The way we look at it is: we are extremely critical of our own designs. We have very long lists of things we want to fix in the game. Some of these things have been around forever, and some of the things are new that we just added recently. If we waited until we addressed every single one of those things, we would never ship anything. It would be years and years before games came out, and that’s just not realistic. That’s not what players want; they’re not going to wait six years for a new expansion. So, instead, we do what we can and we keep other things on the back burner. We’ve got Paths — this great idea. A dance studio — we’re going to do it some day. Just not yet. We’re saving it for the right time.
It is not quite the smoking gun that I remembered in my head, although perhaps I had a different interview in mind. Or maybe it never existed. Regardless, I still think it is a legitimate question to ask “what exactly changed here?” Are the Blizzard devs less concerned about additional people and faster content leading to less polish? Did Titan getting scrapped free up some additional talent? Or is it simply the case that losing 4.4 million subscribers between October 2010 and today puts things like polish vs actual content into prospective? Given how the status quo a year ago was 8 months without a content patch, I am assuming it’s the latter.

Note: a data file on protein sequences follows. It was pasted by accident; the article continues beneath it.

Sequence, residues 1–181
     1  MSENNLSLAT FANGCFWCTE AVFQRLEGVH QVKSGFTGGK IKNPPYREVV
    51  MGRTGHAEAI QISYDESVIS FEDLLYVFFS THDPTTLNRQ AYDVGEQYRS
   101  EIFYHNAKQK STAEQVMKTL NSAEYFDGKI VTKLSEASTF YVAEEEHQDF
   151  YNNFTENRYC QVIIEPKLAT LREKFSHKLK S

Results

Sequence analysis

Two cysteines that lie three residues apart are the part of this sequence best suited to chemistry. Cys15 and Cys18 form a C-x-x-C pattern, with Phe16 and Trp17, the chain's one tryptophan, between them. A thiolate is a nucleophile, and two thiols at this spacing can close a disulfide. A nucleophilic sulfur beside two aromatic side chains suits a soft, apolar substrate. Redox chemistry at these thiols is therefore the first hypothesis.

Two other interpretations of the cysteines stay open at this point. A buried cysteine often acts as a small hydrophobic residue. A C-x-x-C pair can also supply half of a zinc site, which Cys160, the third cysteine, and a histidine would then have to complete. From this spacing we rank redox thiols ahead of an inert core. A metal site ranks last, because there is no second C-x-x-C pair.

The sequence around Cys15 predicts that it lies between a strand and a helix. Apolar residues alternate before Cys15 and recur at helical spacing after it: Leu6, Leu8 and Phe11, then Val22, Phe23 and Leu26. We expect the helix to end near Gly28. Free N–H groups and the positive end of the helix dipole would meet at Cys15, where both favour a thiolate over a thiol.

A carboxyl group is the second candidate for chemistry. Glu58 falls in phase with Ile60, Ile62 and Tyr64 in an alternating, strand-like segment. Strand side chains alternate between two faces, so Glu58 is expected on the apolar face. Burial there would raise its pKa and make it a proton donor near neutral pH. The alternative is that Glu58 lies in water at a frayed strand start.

The interesting thing will be to see how “monthly content updates” are integrated with the game overall. Guild Wars 2 has their events every 2 weeks, for example, but I believe GW2 has a much lower emphasis on gear, story, and… well, things one might traditionally associate with RPGs in general. I feel like the dozens of daily quest hubs thing isn’t going to work a second time around for WoW, but neither can Blizzard really afford to hand out gear upgrades mid-tier. Or maybe they will, and simply de-emphasize the sort of full tier/BiS gear game they have crafted all these years.
Either way, WoW is definitely veering off into some uncharted territory here – at least, uncharted for as large an MMO as it still is. I am much more interested in how this particular change with shake out, as opposed to the much more mundane F2P possibility.